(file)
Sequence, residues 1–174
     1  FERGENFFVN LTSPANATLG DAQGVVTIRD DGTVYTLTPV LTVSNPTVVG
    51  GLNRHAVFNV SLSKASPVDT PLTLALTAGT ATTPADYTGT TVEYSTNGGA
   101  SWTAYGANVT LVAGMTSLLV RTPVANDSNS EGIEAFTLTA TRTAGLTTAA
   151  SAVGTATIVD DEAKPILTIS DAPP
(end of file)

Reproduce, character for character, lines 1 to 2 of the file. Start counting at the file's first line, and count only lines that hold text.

Sequence, residues 1–174
     1  FERGENFFVN LTSPANATLG DAQGVVTIRD DGTVYTLTPV LTVSNPTVVG